Hears Address by the United States’ Permanent Representative to the United Nations
GENEVA (6 June 2017) - The Human Rights Council this morning held a clustered interactive dialogue with Vitit Muntharbhorn, Independent Expert on protection against violence and discrimination based on sexual orientation and gender identity, and Agnes Callamard, Special Rapporteur on extrajudicial, summary or arbitrary executions. It also heard an address by Nikki Haley, Permanent Representative of the United States to the United Nations.
Ms. Haley said that the United States was looking carefully at the Human Rights Council and its own engagement with this body. The United States was strongly committed to the promotion and protection of human rights, which was deeply intertwined with peace and security. All United Nations bodies, including the Security Council, should seek to address human rights violations in their work. In this session, it was essential for the Council to adopt the strongest resolutions on the human rights situation in various countries. No country that was a human rights violator should have a seat at this table, Ms. Haley stressed.
Mr. Muntharbhorn, presenting his first thematic report, underlined the need to recognize that gender identity could be different from the gender assigned at birth. He recalled that, in many countries, lesbian, gay, bisexual, transgender and intersex persons were still victims of torture, mistreatment, killing, harassment and bullying from a young age. Cultural and religious sensibilities had to be taken into account in order to raise awareness on sexual orientation discrimination. Promoting non-discriminant values in education and raising awareness were essential to put an end to disrespectful and hate attitudes.
Ms. Callamard said that a gender-based perspective on extra-judicial, summary or arbitrary killings, and the right to life more generally, exposed facts otherwise hidden, including the heightened vulnerability to killings, executions and arbitrary deprivation of life on the basis of one’s gender. A gender-sensitive perspective brought gender-based killings squarely within the Special Rapporteur’s mandate, and revealed the systemic discrimination that must be remedied for all people to enjoy equal rights. She spoke of her predecessor’s country visit to Honduras in May 2016.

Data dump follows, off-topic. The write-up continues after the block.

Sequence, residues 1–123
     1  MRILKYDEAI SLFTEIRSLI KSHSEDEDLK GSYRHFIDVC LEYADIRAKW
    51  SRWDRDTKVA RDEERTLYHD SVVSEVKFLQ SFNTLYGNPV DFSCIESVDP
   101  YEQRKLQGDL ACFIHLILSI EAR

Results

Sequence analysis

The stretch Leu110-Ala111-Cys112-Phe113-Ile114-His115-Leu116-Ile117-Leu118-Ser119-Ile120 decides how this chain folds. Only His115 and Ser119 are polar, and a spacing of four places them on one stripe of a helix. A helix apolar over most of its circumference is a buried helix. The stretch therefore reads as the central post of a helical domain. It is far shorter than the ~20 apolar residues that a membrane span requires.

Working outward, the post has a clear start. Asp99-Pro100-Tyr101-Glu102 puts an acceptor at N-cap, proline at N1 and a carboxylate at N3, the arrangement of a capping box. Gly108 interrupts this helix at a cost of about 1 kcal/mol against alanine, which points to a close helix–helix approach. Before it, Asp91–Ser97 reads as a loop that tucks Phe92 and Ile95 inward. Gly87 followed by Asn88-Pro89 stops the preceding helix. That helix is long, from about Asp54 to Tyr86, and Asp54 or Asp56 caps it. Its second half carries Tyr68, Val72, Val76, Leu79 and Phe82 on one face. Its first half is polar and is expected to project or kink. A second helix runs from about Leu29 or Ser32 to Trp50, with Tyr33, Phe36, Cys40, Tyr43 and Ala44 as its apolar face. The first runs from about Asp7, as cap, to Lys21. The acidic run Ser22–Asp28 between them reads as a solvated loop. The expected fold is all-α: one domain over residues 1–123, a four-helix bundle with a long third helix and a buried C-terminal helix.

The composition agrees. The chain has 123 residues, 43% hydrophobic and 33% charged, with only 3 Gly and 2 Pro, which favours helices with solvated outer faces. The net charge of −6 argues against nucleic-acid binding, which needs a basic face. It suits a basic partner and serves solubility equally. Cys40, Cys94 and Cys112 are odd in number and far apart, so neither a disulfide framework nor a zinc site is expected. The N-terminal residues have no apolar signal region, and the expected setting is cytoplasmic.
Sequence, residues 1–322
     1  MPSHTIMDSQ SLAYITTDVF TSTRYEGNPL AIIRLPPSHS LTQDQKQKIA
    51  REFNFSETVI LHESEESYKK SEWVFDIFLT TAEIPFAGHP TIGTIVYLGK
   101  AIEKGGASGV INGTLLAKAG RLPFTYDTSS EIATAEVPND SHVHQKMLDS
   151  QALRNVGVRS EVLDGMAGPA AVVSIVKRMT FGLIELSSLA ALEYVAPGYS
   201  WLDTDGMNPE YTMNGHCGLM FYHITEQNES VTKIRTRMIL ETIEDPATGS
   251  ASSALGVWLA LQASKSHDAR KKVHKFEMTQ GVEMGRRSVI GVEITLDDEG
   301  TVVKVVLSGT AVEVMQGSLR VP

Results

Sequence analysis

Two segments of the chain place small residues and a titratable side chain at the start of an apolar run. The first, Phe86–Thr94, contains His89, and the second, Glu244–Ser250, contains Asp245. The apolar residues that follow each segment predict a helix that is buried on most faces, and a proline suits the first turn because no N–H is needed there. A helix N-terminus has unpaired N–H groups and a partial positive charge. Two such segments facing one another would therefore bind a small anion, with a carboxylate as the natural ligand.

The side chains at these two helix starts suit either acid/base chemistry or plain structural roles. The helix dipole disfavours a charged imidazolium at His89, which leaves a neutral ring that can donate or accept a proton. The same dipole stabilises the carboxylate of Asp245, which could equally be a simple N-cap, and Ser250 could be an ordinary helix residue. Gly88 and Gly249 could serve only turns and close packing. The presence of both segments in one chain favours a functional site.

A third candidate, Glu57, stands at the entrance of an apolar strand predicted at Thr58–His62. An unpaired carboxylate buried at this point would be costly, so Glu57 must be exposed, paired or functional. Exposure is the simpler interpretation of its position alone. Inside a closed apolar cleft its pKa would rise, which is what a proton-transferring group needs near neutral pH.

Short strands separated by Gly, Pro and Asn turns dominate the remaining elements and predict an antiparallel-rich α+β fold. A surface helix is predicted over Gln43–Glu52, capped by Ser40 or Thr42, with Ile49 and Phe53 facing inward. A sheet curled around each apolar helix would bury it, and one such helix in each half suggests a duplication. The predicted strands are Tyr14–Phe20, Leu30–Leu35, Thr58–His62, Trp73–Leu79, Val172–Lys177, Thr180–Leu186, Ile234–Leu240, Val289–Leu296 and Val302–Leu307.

Honduras spoke as a concerned country.
In the ensuing discussion on discrimination based on sexual orientation and gender identity, many speakers underscored the landmark nature of the Independent Expert’s mandate. They underscored that rights for lesbian, gay, bisexual, transgender and intersex persons were not separate rights, but human rights ensured for all persons, emphasizing the intersectionality of violence and discrimination faced by lesbian, gay, bisexual, transgender and intersex persons. They asked the Independent Expert to elaborate on ways to foster constructive dialogue with a view to contributing to progress in laws and practice. Others underscored their continuing strong opposition tothe mandate, stating that mandate-holders had to respect historical, cultural, social and religious sensitivities.
On extrajudicial, summary or arbitrary executions, some delegations underscored their agreement with the Special Rapporteur that extrajudicial and arbitrary executions could be performed by State and non-State actors and that in both cases, States bore the ultimate responsibility to protect the right to life of its citizens. They noted that it was crucial to integrate a gender perspective in all public policies. Speakers asked the Special Rapporteur to share good practices and the most important lessons learned from her study on gender-based violence in order to reduce this violence.
Speaking were Pakistan on behalf of the Organization of Islamic Cooperation, Chile on behalf of a group of countries, European Union, the Netherlands on behalf of the Equal Rights Coalition, Iceland on behalf of the Nordic countries, Sierra Leone, United States, Estonia, Greece, Austria, Czechia, Montenegro, Canada, Cuba, Belgium, Spain, Chile, Germany, Australia, Mexico, Philippines, Switzerland, Argentina, Malta, France, Slovenia, Venezuela, Brazil, Thailand, Colombia, Honduras, Latvia, Albania, Netherlands, Portugal, Israel, Liechtenstein, Tunisia, Costa Rica, United Nations Children’s Fund, Ecuador, Nigeria, Bolivia, Luxembourg, Georgia, Ireland, Lithuania, United Kingdom, New Zealand and Uruguay.
Also speaking was the Global Alliance of National Human Rights Institutions, as well as the following non-governmental organizations:
International Service for Human Rights, Alliance Defending Freedom, Asian Legal Resource Centre, Swedish Federation of Lesbian, Gay, Bisexual and Transgender Rights, International Lesbian and Gay Association, Americans for Democracy and Human Rights in Bahrain, Colombian Commission of Jurists, International Bar Association, Women’s International League for Peace and Freedom, Action Canada for Population and Development, Franciscans International, United Nations Watch, Comision Mexicana, Asian Forum for human rights and development and Human Rights Watch.
The Council is holding a full day of meetings today. It will next hold a clustered interactive dialogue with the Special Rapporteur on the right to health, Dainius Puras, and the Independent Expert on human rights and international solidarity, Virginia Dandan.